While cargo transportation insurance is incredibly important for any commercial transportation company, passenger transportation insurance can trump even that.

After all, people are undeniably the most valuable cargo of all. Making sure that passengers who contract with your clients' companies are safe and fully insured is one of the most essential things that you can do as an insurance provider.

Commercial passenger transportation companies often use different types of vehicles to help people get from one place to another, and this variation necessitates a different policy types. All these different forms of passenger transportation carry different numbers of people, and some present more inherent risk than others.

No matter what, the goal is to ensure that all passengers and drivers get to their destinations safely, and that everybody is covered in the event of an accident.

Insurance Requirements for Commercial Passenger Transportation

The insurance required for commercial passenger transportation vehicles depends on passenger capacity and type of passenger. For example, the Federal Motor Carrier Safety Administration (FMCSA) requires that for-hire passenger carriers in interstate commerce carrying 15 passengers or fewer, including the driver, must be insured for $1.5 million, while vehicles with 16 or more people must be insured for $5 million or more.1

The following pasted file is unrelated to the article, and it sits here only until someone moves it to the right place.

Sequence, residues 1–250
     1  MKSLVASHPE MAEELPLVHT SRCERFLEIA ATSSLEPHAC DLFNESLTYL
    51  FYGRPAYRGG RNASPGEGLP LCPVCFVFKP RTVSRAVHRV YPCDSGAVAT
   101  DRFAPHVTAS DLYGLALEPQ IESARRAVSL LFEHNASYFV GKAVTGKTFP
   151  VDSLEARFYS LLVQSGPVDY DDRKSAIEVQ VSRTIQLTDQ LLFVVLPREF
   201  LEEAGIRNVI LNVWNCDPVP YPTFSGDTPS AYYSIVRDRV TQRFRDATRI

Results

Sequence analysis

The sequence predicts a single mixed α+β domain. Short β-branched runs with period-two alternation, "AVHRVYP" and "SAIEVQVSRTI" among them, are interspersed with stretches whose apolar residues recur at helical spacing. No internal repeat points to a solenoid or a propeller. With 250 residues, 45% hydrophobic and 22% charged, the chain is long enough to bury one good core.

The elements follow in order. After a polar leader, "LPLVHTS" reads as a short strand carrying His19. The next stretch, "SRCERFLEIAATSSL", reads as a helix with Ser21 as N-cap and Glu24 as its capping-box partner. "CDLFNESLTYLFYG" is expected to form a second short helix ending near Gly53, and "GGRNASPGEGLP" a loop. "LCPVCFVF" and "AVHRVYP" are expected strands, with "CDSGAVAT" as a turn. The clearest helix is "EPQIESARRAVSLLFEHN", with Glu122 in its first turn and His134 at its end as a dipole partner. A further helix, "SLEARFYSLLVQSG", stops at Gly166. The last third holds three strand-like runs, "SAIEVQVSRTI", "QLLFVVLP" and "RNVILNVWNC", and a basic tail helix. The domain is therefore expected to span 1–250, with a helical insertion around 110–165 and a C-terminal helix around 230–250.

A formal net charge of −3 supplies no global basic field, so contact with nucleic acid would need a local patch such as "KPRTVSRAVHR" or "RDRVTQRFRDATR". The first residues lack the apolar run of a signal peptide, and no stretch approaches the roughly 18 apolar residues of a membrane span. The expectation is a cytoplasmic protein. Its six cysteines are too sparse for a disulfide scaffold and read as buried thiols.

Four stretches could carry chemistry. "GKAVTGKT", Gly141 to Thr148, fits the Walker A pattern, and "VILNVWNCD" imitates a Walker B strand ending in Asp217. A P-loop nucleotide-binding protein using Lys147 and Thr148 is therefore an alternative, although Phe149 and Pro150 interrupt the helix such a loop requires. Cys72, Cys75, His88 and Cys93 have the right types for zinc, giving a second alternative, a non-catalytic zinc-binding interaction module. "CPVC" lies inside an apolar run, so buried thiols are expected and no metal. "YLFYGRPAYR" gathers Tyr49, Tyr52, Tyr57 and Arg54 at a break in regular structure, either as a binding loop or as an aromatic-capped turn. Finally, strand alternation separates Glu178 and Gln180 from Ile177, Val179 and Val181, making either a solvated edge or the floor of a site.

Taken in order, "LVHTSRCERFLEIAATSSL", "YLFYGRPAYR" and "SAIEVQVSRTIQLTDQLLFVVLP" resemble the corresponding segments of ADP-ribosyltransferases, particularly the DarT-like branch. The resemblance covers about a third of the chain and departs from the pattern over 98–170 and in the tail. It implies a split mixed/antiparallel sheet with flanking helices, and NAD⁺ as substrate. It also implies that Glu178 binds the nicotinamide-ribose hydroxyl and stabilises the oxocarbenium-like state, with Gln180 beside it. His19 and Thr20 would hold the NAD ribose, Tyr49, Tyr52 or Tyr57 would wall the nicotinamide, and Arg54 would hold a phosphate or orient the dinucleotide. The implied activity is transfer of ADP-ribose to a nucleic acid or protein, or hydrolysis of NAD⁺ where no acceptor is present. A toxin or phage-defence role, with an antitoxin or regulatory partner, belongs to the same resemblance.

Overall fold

The driver of a vehicle that carries 16 or more people must hold a Class C commercial driver's license (CDL) to be covered.

Mitigating Risk in Commercial Passenger Transportation

A FMCSA study found that 87% of commercial transportation accidents that resulted in injuries or fatalities either were caused by the driver, or the driver was part of the "critical reason" for the crash.2 Training drivers and enforcing safety policies can help reduce the risk of accidents for which the passenger transportation business is liable, which helps keep commercial insurance rates as low as possible. While commercial trucking and commercial passenger insurance rates aren't as volatile as private auto insurance rates, you can still expect insurance rate hikes of 20% to 40% after a claim.3

When securing coverage for your passenger vehicles, make sure to look closely at the sections that relate to DUIs and DWIs. Some insurance contracts have clauses that exclude payment of a claim based on the driver's blood alcohol content (BAC). Make sure that you know these stipulations and consider funding programs within your organization that encourage your drivers not to drink or use drugs while on the road.


1"Minimum Insurance Levels on Passenger Carrier Operations," Federal Motor Carrier Safety Administration, accessed 4 Jan 2024.

2"The Large Truck Crash Causation Study — Analysis Brief," Federal Motor Carrier Safety Administration, Jul 2007.

3Smith, Lisa. "How Filing an Insurance Claim Can Raise Your Rates," Investopedia, updated 24 Aug 2021.